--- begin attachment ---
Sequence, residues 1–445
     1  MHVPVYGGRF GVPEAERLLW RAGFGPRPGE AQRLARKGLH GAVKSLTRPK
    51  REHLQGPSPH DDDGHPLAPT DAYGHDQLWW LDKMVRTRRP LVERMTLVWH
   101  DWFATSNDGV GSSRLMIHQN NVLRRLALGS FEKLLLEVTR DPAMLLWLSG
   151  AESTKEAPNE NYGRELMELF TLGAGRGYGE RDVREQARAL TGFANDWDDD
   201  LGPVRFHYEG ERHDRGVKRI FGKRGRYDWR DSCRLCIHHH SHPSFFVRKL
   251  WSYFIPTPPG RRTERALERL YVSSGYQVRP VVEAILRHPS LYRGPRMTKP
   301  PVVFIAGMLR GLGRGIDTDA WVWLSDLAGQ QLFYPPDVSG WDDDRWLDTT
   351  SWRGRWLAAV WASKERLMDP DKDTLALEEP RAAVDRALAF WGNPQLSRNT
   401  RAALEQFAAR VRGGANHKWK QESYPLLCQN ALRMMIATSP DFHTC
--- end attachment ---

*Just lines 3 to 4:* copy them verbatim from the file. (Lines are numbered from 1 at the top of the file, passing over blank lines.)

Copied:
    51  REHLQGPSPH DDDGHPLAPT DAYGHDQLWW LDKMVRTRRP LVERMTLVWH
   101  DWFATSNDGV GSSRLMIHQN NVLRRLALGS FEKLLLEVTR DPAMLLWLSG